And yes, we sometimes long for Fundistan because it’s familiar. It’s home, in a sense, and while those of us who have left have found freedom, we have not all been so successful in finding a place of belonging.

        1. Great point! It’s easy to fight back against a wicked witch or a loomingly monstrous Ursula, but when evil is disguised as a caring, loving mother, how much more insidious!

      2. Gott in himmel, that movie gave me a sick feeling inside. Rapunzel’s emotional rollercoaster in the field outside the tower mirrored mine when I saw it. It was hard to watch. That was around the time when thinking about leaving left me, if it was a good day, completely overwhelmed, and if it was a bad day, fetal and hyperventilating in my bed.

  11. This resonates with me really hard. I actually came across this while reminiscing about times at BJU.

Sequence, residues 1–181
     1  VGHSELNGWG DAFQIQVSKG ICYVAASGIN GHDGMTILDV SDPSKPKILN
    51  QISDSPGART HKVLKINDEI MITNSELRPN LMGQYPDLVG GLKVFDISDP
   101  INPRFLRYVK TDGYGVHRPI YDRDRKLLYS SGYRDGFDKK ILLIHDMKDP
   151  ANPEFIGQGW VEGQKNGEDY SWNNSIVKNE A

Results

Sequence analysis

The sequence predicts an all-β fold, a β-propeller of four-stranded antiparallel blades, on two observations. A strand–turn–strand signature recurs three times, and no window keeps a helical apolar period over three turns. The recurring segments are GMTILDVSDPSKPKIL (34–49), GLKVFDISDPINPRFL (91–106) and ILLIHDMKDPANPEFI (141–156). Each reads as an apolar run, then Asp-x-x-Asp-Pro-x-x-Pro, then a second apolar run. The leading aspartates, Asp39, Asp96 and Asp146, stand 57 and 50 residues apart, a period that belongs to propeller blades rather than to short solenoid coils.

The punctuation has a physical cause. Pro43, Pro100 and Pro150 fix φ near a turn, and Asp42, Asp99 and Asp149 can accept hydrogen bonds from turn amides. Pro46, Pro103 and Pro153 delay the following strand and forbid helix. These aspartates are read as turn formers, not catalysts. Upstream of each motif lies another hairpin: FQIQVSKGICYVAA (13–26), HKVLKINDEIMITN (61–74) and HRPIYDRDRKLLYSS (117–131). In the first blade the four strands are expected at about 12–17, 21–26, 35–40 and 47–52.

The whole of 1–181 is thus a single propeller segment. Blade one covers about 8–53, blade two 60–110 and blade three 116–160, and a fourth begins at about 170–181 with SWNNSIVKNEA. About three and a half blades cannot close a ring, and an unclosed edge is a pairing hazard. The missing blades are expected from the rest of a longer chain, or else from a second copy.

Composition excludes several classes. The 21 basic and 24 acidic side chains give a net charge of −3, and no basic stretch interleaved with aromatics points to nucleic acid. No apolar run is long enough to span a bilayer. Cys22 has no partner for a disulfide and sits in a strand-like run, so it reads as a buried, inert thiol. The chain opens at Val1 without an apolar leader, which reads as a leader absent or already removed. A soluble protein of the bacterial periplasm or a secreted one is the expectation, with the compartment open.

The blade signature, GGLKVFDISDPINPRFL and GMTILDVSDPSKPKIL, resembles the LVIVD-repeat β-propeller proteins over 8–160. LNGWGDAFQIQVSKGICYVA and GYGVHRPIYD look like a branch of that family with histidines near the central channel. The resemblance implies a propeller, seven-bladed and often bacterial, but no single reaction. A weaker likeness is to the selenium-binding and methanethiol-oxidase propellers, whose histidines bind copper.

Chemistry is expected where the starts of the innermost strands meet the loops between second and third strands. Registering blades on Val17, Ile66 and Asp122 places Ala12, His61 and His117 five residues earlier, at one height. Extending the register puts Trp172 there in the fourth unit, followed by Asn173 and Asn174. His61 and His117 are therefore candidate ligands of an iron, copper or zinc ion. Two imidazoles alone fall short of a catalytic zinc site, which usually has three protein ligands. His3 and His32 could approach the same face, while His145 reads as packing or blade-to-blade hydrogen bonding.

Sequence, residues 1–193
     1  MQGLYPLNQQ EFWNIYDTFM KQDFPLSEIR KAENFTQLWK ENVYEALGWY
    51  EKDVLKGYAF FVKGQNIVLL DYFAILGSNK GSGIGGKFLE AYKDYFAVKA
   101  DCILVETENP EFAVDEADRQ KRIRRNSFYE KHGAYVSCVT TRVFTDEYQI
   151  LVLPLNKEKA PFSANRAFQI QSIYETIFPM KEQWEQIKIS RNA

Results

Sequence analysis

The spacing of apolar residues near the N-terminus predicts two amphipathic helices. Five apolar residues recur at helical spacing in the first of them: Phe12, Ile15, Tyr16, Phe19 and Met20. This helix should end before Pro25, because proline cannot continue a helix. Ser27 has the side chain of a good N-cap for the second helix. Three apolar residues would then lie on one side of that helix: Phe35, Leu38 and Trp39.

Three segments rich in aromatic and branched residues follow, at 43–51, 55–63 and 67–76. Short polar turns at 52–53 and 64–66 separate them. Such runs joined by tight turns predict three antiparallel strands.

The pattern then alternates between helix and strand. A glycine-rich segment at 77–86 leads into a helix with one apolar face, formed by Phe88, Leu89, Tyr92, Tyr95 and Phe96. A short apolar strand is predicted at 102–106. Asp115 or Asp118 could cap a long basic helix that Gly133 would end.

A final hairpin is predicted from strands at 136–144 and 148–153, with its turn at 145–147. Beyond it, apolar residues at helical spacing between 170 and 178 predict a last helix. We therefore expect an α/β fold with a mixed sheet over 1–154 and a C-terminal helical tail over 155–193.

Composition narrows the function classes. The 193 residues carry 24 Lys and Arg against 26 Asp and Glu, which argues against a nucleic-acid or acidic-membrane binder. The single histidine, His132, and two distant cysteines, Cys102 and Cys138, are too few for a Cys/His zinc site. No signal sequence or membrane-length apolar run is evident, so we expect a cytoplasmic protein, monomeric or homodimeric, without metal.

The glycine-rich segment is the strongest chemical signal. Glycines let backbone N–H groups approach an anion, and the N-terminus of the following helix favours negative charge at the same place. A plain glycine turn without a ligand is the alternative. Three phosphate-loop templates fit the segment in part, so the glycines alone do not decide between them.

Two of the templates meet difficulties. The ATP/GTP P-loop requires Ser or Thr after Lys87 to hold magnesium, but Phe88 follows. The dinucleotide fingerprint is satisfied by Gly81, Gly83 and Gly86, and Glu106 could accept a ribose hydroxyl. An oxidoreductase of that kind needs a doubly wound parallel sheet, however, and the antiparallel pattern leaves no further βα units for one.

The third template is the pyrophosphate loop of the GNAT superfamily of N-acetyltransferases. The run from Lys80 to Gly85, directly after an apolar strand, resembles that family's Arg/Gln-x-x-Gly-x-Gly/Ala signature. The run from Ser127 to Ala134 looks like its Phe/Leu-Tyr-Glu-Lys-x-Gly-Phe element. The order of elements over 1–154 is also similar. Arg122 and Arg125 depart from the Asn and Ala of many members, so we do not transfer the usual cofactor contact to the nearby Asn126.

You know the book “The Subtle Power of Spiritual Abuse”? I own it. I’ve read part of it. I couldn’t finish it. It hurt too much.

    I didn’t grow up IFB. I grew up Plymouth Brethren. You know, WE were really the ones who were right. I mean, IFB tried their hardest, but it was still a MAN-CENTERED denomination. PB, we were all about Jesus and the Bible, not our pastor! Not rules! So I thought. For years. I mean, YEARS. Even after starting to leave fundamentalism, I clung really hard to my denomination, because I believed so sincerely that we. were. RIGHT. And we meant well, you know.